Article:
By Julie Steenhuysen and Michael Erman
(Reuters) – The U.S. Food and Drug Administration said on Friday it is seeking new suppliers to ease shortages of methotrexate, one of the most commonly used cancer drugs, building on its push to shore up two other scarce chemotherapy medicines.
An FDA spokesperson told Reuters the agency is looking for temporary importation options for the drug, which has been in shortage since March.
Methotrexate is an injected drug used to treat a wide variety of cancers ranging from acute lymphoblastic leukemia in children, breast cancer, lung cancer, bone cancers and certain types of head and neck cancers, according to the National Cancer Institute.
Last week, the FDA said it was looking for additional temporary suppliers for two other cancer chemotherapies, cisplatin and carboplatin. It has already signed off on allowing cisplatin made by China’s Qilu Pharmaceutical to be sold in the country.
The FDA had not previously disclosed it is also looking for new methotrexate sources.
Some cancer drugs have been hard-hit by ongoing shortages in the United States, prompting doctors to ration drugs and complicating treatment plans for patients.
According to information released by U.S. Senators Gary Peters and Debbie Stabenow, shortages have been exacerbated by a disruption in supply from India-based manufacturer Intas Pharmaceuticals, which provides the U.S. market through its Accord Healthcare unit.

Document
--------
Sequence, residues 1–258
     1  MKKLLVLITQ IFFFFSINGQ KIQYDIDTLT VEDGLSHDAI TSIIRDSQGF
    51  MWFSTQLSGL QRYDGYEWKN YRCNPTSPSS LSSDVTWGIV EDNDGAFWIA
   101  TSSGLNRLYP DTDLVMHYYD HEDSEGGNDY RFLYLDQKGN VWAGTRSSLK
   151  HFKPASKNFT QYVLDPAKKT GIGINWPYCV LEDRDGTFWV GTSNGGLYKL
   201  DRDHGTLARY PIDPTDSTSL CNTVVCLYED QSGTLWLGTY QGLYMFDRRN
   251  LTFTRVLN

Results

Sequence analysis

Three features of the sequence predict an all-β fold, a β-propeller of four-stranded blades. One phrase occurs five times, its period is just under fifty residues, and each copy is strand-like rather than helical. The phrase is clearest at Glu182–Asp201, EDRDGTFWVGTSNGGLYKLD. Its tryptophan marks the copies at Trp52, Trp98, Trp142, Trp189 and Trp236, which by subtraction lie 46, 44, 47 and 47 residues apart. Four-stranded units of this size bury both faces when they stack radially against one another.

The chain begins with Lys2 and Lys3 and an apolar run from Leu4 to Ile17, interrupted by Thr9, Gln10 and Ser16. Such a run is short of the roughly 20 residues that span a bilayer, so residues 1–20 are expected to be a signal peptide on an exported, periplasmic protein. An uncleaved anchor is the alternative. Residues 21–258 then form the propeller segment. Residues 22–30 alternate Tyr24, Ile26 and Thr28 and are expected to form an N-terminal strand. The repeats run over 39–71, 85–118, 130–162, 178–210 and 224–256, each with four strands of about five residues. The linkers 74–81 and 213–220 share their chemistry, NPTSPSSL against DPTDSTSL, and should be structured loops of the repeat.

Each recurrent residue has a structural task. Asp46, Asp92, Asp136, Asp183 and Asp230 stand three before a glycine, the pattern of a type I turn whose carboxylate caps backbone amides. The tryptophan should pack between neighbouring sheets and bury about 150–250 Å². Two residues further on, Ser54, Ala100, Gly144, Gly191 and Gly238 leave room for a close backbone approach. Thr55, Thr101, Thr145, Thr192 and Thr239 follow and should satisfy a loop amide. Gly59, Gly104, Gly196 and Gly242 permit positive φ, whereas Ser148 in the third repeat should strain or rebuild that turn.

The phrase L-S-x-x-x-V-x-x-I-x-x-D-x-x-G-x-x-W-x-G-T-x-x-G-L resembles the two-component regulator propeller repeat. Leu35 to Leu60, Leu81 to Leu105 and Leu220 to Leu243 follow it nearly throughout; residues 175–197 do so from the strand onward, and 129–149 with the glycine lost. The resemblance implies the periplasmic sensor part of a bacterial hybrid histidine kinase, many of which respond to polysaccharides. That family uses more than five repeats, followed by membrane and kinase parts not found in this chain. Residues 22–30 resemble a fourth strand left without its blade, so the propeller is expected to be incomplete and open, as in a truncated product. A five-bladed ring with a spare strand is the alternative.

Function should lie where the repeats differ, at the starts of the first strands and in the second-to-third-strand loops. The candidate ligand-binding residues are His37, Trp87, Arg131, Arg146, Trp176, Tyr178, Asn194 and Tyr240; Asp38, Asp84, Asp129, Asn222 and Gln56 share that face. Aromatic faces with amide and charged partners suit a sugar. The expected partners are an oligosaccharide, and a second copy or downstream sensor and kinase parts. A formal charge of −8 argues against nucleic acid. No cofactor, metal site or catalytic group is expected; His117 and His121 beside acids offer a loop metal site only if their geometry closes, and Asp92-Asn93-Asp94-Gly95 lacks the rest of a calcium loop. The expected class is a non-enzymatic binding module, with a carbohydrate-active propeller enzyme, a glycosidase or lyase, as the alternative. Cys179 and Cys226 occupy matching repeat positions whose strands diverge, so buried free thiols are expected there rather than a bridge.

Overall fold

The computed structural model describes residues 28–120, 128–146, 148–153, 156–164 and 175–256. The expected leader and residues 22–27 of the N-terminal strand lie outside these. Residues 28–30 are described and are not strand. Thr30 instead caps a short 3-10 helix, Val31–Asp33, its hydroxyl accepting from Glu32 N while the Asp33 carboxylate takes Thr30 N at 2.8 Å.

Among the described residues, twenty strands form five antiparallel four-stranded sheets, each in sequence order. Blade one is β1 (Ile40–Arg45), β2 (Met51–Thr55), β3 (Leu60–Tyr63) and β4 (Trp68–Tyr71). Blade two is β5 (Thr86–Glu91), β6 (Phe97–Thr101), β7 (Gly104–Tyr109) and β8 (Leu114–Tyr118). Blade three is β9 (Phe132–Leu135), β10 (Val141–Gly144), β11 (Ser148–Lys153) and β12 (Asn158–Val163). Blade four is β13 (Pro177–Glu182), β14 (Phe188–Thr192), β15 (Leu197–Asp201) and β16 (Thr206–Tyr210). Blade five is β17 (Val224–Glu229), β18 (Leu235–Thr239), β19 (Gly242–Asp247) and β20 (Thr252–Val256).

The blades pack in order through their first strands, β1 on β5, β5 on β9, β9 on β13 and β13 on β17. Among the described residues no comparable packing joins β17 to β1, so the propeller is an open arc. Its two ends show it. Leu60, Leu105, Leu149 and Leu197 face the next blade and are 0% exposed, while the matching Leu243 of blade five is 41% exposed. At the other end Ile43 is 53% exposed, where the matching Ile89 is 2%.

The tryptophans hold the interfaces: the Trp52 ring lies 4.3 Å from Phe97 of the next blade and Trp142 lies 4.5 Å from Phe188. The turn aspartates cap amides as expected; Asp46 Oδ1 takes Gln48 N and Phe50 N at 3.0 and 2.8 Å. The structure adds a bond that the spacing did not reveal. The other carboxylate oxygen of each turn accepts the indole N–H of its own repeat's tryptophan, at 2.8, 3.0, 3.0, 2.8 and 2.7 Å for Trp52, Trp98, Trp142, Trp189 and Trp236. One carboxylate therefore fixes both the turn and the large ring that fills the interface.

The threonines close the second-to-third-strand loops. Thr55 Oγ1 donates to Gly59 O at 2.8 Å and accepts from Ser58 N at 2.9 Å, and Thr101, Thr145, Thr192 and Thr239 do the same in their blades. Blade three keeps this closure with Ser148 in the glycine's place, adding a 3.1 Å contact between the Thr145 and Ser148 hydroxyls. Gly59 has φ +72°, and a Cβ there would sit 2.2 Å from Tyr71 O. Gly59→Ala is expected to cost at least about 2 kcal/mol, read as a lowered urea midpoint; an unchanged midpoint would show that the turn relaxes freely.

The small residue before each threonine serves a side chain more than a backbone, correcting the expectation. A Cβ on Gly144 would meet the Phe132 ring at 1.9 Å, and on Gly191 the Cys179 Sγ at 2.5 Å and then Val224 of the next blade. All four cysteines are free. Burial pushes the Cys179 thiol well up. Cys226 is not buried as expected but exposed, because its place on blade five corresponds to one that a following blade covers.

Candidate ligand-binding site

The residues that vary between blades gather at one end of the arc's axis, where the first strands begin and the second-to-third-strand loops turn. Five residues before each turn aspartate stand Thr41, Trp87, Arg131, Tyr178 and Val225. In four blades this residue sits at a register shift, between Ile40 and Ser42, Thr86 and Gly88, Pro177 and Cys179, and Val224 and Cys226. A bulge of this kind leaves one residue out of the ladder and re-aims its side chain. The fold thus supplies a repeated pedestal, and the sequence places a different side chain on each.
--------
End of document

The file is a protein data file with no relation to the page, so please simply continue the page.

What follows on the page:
There are more than 130 drug formulations currently in shortage in the U.S., according to a list maintained by the FDA.
When faced with shortages, the FDA can make exceptions to allow products to be sold here outside of its usual oversight. A recent high-profile example was its opening of the baby formula market to additional manufacturers.
The regulator generally requires extra testing and oversight of new suppliers before signing off on them.
“The FDA may inspect the facility and conduct FDA sampling and testing as an additional level of oversight. The agency is doing both in this case,” the regulator said in a statement when asked about the Qilu exemption.
Methotrexate works by slowing or stopping the growth of cancer cells and suppressing the immune system.
According to the American Society of Health-System Pharmacists, suppliers with methotrexate injections in shortage or on back order include Accord Healthcare, Fresenius Kabi, Pfizer, Teva and Hikma Pharmaceuticals .
Methotrexate is also commonly used to treat autoimmune diseases such as rheumatoid arthritis.
(Reporting by Julie Steenhuysen in Chicago and Michael Erman in New Jersey; Editing by Bill Berkrot)